I’m currently in the last part of my study abroad program in Jordan, which involves me partaking in a full-time internship instead of taking classes. I’m a research intern at NAMA Strategic Intelligence Solutions, a research, polling, and consultancy firm established and headquartered in Amman. The institution consists on a group of experts taking action against stagnation of socio-economic development and the lack of applicable intelligence in several fields. The services/activities carried out by NAMA include polling, advisory and intelligence analysis. All these services are done with the goal of providing deeper understanding of political, economic, social, security, and development issues that affect the Middle East and North Africa region. I chose to intern at NAMA because, although it counts with the structure of a think tank and research organization, it also is more oriented towards actual action, thus evolving into an innovative institution that addresses multiple issues and goals at once.
So far, my two weeks interning at NAMA have been interesting and engaging. I have contributed to research on projects dealing with the following topics: plan for effective decentralization of the Jordanian government, global opinion on different aspects of the Israeli-Palestinian conflict and narrative, and the effect of rumors and misinformation on social media and other channels on Jordanian society and compared to other examples around the globe. I also got to gather a list of potential participants for a future conference in the Dead Sea to discuss its current shrinking and what can be done to address the issue.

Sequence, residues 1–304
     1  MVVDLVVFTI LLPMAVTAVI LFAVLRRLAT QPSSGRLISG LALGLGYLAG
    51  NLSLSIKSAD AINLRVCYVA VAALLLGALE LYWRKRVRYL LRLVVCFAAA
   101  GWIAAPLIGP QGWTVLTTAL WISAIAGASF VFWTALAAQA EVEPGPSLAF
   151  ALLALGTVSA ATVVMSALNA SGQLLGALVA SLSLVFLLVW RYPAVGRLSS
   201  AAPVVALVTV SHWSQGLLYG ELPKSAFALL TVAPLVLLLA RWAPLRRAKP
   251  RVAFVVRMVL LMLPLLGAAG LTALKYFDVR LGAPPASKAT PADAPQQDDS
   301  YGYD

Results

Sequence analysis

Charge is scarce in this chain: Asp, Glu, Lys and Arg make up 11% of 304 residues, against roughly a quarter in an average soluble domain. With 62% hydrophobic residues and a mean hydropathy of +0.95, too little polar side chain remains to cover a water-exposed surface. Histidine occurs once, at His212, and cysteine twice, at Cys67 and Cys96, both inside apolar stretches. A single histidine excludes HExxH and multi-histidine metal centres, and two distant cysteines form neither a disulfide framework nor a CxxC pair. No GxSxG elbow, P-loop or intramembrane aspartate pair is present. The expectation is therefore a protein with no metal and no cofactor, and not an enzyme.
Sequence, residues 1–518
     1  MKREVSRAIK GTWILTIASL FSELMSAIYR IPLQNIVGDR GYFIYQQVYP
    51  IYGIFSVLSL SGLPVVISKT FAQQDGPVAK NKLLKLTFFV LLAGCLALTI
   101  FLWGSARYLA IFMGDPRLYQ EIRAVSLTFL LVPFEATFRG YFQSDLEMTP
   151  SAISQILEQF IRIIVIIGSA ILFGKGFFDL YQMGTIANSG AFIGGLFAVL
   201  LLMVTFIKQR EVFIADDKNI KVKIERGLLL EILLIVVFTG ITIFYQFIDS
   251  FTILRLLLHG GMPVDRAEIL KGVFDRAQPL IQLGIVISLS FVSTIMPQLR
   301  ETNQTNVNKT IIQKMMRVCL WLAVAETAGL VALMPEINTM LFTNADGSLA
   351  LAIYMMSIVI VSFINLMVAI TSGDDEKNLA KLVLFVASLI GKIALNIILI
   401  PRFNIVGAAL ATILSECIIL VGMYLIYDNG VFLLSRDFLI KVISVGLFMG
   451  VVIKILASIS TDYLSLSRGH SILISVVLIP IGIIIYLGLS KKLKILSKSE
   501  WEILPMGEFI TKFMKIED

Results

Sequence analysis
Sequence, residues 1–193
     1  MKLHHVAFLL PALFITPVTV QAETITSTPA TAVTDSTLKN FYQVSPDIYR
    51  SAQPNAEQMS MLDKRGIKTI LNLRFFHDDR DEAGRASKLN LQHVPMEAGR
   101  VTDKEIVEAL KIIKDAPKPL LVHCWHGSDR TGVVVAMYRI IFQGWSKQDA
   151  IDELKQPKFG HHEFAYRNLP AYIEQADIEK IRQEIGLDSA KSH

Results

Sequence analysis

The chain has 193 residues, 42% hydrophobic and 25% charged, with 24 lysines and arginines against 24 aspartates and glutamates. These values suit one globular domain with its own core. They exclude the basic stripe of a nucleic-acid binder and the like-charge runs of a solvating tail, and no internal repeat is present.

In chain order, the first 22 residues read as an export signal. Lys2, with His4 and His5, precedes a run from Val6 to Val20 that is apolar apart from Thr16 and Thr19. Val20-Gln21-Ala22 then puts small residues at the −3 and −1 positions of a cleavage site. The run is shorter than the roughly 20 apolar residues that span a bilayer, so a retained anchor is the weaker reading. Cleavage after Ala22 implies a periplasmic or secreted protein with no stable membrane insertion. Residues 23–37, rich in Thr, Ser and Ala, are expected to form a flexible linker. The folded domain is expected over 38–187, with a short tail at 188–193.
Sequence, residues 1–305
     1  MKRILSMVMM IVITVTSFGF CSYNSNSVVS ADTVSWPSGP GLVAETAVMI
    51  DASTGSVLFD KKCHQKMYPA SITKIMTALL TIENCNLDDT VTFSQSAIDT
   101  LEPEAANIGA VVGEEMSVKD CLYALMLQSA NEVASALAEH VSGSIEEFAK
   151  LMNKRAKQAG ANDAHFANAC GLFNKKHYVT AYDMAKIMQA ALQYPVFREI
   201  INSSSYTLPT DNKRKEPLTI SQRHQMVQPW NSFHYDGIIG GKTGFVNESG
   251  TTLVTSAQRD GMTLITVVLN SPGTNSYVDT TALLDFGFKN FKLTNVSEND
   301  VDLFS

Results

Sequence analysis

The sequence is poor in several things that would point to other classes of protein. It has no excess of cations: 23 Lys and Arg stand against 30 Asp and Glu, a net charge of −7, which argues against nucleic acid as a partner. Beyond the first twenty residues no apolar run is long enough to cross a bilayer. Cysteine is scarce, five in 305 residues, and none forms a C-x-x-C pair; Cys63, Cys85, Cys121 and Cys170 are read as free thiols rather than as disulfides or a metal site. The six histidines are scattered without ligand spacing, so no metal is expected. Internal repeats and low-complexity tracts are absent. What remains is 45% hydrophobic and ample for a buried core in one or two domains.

The experience has not come without its challenges, though. I believe the main one has been joining NAMA in a time when they were already very busy with–and at the last stages of–several major projects. This meant that it was hard for the other interns and myself to integrate ourselves into the existing work, because we lacked the background knowledge that the other full-time employees had developed throughout the months of having worked on said projects. Also, just adapting to a different work setting and culture in general has been a challenge, but it has given me very useful cross-cultural skills.
As my last two weeks in Jordan loom over me, I am basically forced by my mind to reflect on my time here. I remember getting here and saying to myself “I have so much time to do stuff” as if it was yesterday, and here I am, making a list of the things I have to make sure to do before I leave because departure is that close. Jordan has given so much to me that I don’t know how saying goodbye to this country will be. On the plus side, though, my adventure will continue to Morocco, inshAllah, so it is not completely over yet.